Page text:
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Lack Of Money, Political Will Delays African Rapid Reaction Force - 2003-11-06


Establishing Africa's own rapid reaction forces to stop conflicts on the continent is a hot topic of discussion among regional groupings. But security experts say a lack of money and political will make the goal a distant prospect.

Last week, army chiefs from the 11-member Economic Community of Central African countries recommended creating a regional brigade to prevent conflicts.

The initiative, which took place in Congo's Brazzaville follows an initiative by the continent-wide Africa Union to establish what it calls a stand-by peace force.

In West Africa, the Economic Community of West African States, ECOWAS, is also trying to create a regional force which would be ready to intervene in case of civil war in one of its member countries.

This year, ECOWAS peacekeepers have deployed in Ivory Coast and Liberia, but in both cases the troops arrived on the ground weeks after a decision was made to deploy them.

An expert with the Ghana-based African Security Dialogue research group, Prosper Nii Nortey Addo, says talking about the indigenous peacekeeping force and doing something about it are very different things.

"There is a need for a political will so that when they will have to dispatch this regional brigade force they have properly outlined the procedure to follow. And there would need to be funding because you notice that African states usually don't have funds to be able to support a regional brigade."

The writer of a book about peacekeeping in Africa, University of Dundee Professor Norrie MacQueen, agrees. He says other problems for regional African forces include a lack of impartiality to solve conflicts and a lack of training.

He says a Nigerian-led peacekeeping effort in Liberia during the 1990s showed the limits of this approach, as the Nigerian soldiers became increasingly corrupt and war resumed.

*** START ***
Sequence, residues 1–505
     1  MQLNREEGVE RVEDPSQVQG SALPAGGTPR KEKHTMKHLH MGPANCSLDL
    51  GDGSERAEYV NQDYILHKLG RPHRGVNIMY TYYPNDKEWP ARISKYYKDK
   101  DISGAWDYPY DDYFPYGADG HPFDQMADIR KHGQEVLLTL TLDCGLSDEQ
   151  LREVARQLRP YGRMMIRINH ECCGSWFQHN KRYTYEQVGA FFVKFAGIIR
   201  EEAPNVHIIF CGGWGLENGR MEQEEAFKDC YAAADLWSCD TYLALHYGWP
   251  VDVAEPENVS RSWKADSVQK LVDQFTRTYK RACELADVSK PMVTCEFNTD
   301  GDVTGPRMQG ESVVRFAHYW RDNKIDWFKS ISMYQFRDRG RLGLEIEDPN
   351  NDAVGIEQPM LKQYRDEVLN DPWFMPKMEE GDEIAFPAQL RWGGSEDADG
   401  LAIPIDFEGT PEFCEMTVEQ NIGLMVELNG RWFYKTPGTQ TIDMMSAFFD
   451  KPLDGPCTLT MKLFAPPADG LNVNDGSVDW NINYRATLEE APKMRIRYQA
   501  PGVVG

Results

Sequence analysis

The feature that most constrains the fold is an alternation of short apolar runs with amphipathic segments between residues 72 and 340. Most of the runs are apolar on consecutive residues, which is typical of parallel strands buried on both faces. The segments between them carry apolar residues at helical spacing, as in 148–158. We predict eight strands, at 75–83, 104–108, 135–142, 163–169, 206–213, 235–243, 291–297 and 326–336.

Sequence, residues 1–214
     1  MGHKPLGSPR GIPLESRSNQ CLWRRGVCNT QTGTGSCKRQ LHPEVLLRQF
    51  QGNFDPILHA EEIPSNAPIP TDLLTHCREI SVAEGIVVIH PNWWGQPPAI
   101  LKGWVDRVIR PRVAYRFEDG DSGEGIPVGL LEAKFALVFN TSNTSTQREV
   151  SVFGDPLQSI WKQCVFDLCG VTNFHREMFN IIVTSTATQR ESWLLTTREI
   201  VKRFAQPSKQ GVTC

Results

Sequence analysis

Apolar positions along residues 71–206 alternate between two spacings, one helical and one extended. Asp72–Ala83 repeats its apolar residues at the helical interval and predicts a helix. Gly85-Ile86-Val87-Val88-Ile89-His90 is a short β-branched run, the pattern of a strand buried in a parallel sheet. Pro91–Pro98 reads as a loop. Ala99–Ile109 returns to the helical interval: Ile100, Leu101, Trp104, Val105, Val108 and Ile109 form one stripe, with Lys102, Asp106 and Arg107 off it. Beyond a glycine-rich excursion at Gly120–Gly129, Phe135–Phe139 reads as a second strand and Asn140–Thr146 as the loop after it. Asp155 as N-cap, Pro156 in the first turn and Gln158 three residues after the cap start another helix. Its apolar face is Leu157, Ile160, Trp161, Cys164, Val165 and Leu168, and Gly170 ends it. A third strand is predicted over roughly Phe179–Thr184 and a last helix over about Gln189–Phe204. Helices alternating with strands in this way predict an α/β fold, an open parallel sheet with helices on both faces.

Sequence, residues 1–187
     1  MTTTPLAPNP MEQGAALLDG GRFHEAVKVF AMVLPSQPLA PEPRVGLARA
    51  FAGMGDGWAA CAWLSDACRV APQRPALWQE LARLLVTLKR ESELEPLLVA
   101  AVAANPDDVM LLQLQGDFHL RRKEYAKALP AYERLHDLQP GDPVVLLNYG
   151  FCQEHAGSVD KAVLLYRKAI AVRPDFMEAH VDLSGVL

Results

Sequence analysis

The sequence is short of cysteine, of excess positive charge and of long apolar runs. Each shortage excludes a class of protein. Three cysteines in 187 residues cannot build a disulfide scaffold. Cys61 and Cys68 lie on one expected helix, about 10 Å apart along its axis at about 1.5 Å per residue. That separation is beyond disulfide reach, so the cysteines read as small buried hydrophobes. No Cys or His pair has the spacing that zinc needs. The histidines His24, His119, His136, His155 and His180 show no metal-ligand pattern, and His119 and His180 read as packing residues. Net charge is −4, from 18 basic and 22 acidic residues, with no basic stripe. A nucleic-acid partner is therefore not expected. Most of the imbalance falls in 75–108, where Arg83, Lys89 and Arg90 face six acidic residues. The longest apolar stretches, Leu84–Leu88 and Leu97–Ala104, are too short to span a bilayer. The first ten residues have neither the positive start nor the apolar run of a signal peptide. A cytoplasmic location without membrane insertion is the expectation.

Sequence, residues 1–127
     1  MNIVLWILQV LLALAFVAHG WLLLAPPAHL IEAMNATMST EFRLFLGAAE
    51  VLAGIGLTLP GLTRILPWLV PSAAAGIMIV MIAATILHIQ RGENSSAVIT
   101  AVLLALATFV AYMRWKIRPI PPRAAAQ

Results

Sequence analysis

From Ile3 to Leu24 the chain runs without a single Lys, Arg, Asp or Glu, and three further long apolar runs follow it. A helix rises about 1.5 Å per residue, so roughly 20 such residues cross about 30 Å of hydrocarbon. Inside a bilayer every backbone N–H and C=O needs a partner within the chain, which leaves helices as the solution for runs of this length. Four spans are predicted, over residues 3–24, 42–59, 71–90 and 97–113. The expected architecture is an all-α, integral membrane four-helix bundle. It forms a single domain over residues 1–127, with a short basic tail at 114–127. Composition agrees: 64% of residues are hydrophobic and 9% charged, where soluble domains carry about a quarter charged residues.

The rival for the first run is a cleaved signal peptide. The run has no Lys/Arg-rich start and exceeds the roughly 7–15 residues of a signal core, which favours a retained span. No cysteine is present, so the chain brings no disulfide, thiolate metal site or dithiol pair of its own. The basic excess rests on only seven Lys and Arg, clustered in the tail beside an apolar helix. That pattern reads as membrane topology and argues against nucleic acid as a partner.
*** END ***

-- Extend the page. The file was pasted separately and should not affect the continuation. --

Mr. MacQueen says he believes a combined peacekeeping mandate, involving an African grouping, the United Nations and also a former colonial power, seems to be a better and more likely approach in the years ahead.

"The future of peacekeeping in Africa is going to be a kind of three-legged stool if you like between U-N peacekeeping as traditionally conceived, peacekeeping by regional bodies which whatever its failings is the main track that will have to be followed and intervention, formal or informal, by the former colonial powers, and the trick I suspect will be to bring these three strands together."

In Liberia today, he says, funding from the United States, which helped found the West African nation for freed slaves, political will from Nigeria which granted asylum to former President Charles Taylor, and troops from West Africa and the United Nations have helped end the war for now.

There have been reports of clashes in northern regions, but U-N officials say they involve looting by armed fighters before they are to be disarmed in December.

The intervention in Liberia may prove to be successful, but it was not rapid. The vanguard of West African troops supervised by U-S Marines arrived in August, weeks after the first assault on Monrovia in June.

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